HR dogs like Bera are trained the only way possible — with the real thing. Marsillo said he gets permission to obtain several forms of training material, including human placentas, bones, grave dirt and more.
“You can’t teach a cadaver dog with a hot dog,” Marsillo said. “You have to have parts of a person. You use them in small quantities — the bad part of that is that when a dog comes across an entire body, they sometimes freak out.”
To deal with that, training sessions sometimes feature mega-smell targets, like a cooler full of material.
“The dog finds it and is like, ‘This is crazy,'” Marsillo said. “But it helps them get past that point.”
Search dog certification can be obtained from multiple organizations in the United States. Marsillo’s dogs are certified by the National Association of Search and Rescue (NASAR), out of Centreville, Va.
Many people ask Marsillo what traits make a dog a good search dog.
“People always want to know if I use Shepherds or Labs,” Marsillo said. “I tell them it’s not breed-specific; it’s based on the dog’s personality. The dog has to have a lot of drive, and there are two kinds of drive: prey drive and hunt drive. The dog that chases a Frisbee and brings it back 500 times is kind of what we look for.
“Sometimes the dog you wouldn’t want for a house pet is a perfect search dog.”
Marsillo is a certified NASAR Search Technician 1, the highest of three levels. He said most of what he and his team members do is prepare.
“In search and rescue, it’s like with fire departments — all you do is train,” Marsillo said. “And when you train, you train like it’s for real. You hope you never have to use it, but when something happens, training kicks in and reality becomes like another training session.”
Marsillo said that many law enforcement agencies have been guilty in the past of waiting too long to call in the dogs.
“They wait until they exhaust all of their other methods, but that can take five or six hours,” he said. “Here, when someone calls 911 and reports a missing person, the way it works now is law enforcement gets the first call, K-9 gets the second call and fire department gets the third.”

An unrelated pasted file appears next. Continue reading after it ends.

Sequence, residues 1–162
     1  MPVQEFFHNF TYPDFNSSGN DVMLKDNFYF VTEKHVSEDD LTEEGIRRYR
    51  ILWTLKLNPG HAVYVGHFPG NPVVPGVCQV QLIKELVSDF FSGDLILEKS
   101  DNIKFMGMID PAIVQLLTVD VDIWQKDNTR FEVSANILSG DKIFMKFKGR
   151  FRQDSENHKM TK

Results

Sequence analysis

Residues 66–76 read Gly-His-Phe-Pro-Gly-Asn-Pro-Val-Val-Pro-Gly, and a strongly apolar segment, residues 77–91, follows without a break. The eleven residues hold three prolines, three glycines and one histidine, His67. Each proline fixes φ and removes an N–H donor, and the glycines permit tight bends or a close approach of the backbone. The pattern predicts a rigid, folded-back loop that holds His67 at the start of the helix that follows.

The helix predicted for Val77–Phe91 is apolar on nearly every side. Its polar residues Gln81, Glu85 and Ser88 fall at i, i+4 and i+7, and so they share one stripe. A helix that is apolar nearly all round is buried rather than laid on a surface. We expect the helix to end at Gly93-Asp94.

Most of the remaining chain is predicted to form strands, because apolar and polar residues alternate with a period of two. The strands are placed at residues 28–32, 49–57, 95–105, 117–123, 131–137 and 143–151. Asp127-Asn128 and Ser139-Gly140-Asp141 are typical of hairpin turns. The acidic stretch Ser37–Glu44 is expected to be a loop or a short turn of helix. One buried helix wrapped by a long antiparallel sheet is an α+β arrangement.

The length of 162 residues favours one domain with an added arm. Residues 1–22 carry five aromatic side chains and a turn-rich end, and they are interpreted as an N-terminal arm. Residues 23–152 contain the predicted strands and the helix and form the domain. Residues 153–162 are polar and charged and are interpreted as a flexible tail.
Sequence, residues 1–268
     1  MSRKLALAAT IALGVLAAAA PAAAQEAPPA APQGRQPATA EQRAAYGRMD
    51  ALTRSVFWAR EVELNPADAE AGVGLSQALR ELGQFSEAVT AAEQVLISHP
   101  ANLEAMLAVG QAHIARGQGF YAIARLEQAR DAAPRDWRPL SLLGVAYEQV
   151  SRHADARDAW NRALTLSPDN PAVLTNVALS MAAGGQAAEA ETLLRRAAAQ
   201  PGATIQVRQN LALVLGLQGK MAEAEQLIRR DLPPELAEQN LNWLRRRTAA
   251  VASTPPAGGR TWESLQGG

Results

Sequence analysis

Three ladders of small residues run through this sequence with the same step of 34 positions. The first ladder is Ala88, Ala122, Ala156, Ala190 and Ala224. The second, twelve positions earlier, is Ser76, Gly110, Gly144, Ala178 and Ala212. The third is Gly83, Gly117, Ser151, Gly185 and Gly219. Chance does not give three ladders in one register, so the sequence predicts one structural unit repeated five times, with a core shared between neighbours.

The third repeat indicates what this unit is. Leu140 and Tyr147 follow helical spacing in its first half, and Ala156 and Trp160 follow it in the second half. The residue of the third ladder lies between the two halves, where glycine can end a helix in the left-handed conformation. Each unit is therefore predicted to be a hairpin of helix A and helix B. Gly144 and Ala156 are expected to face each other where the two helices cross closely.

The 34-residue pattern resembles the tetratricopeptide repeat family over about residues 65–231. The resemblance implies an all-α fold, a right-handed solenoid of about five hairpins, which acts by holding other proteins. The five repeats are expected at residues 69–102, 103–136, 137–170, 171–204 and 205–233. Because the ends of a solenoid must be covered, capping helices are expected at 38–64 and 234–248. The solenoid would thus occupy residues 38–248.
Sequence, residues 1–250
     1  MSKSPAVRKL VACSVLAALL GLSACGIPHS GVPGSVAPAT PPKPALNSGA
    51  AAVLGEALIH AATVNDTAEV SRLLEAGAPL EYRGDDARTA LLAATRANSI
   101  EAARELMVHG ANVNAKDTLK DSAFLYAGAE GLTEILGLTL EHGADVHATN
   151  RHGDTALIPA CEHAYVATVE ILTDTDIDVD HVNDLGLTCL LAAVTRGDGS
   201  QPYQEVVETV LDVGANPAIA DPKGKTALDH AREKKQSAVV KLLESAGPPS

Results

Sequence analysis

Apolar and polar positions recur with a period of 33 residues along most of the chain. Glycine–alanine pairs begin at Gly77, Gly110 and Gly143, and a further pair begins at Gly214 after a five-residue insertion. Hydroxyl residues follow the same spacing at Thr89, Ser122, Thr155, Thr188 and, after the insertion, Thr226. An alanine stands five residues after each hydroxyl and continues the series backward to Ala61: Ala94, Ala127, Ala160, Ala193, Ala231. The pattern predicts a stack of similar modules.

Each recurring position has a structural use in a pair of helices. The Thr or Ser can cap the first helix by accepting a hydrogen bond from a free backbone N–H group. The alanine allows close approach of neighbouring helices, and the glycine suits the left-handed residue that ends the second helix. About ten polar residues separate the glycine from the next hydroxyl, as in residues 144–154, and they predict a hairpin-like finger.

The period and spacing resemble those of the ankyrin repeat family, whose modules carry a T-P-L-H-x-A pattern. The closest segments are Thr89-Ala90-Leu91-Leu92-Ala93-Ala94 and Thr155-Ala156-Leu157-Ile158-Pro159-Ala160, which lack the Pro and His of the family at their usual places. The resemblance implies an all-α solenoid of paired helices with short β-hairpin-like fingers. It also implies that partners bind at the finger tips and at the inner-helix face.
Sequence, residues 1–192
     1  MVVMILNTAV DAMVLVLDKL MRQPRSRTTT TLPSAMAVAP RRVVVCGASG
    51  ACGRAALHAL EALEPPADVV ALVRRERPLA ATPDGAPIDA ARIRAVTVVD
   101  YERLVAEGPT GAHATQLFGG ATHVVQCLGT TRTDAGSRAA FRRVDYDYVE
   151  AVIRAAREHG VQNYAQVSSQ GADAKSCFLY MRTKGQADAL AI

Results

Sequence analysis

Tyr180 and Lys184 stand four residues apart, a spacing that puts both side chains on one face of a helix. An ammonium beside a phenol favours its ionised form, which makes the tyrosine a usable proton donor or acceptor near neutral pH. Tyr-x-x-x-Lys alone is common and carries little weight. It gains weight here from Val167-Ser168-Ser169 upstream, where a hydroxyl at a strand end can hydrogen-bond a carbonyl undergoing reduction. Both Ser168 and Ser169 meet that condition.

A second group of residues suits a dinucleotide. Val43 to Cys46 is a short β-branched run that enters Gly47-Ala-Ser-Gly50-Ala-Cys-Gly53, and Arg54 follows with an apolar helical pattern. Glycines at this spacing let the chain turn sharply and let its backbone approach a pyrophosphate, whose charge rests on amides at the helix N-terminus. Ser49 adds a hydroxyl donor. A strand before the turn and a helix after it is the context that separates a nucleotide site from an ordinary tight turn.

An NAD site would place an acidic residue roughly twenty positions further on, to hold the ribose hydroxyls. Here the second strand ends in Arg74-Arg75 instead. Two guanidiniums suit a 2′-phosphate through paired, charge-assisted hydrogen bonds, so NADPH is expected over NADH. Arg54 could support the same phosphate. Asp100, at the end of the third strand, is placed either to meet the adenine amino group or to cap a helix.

Marsillo’s dog facility features kennels with flooring that can be easily hosed off. There’s also a dog obstacle — or agility — course and enough kennel space to allow teams from other areas to bring their dogs for training sessions.
“I can put up about eight people in the house,” he said, “and their dogs can stay with a roof over their heads and fresh water.”
There are nine search regions in Missouri. Region G covers nine counties, including Carter, Douglas, Howell, Oregon, Ozark, Reynolds, Shannon, Texas and Wright.
The Region G K-9 Search Team averages about two calls per month, but got seven in May. The unit recently obtained 501C-3 status, but it’s still an entity that exists because its members decide to make it exist.
“We don’t get paid for this,” Marsillo said. “I cover nine counties with nine sheriff’s departments. I’ll do a presentation and I’ll have some of them lean back in their chair and ask, ‘How much is this going to cost me?’ I say, ‘Nothing,’ and they say, ‘Well, who funds you?’
“I say, ‘Joe funds me.'”
Marsillo, 63, points out that self-funding is not exclusive to Missouri search and rescue teams.
“Throughout the country, your K-9 search teams are all volunteers,” he said. “All of the equipment we buy comes out of our own pockets. If we get any funding, I’d probably use it to send people to seminars so they can learn from someone who knows.
“But it’s worth it; there’s a need for this, and I would encourage people to utilize it.”
(other public service affiliations in parentheses)
-Joe Marsillo, coordinator, Cabool (City of Houston FD, Region GRegional Response Team – West Plains, Texas County LEPC)
-Dustin Blair, Rogersville (City of Houston FD)
-Sgt. John Blair, Elk Creek (National Guard -Active Duty,Raymondville FD)
-Kimberly Blair, Elk Creek (Raymondville FD)
-Mike Burgess, West Plains
-Al Corte, Glenco, Ark. (Glenco FD)
-Robert Ellsworth, Raymondville (Texas County EMD, Texas CountyLEPC, Raymondville FD)
-Anita Evangelista, Springfield
-Beth Hartman, Willow Springs (U.S. Forest Service)
-Byron Kruse, Houston (City of Houston FD, Houston Rural FD,Raymondville FD)
-A.J. Morton, Houston (City of Houston City FD)
-Johnna Perkins, St. Clair
-Sandra Perry, Thayer
-Larry Wildhaber, Raymondville (City of Houston City FD,Raymondville FD)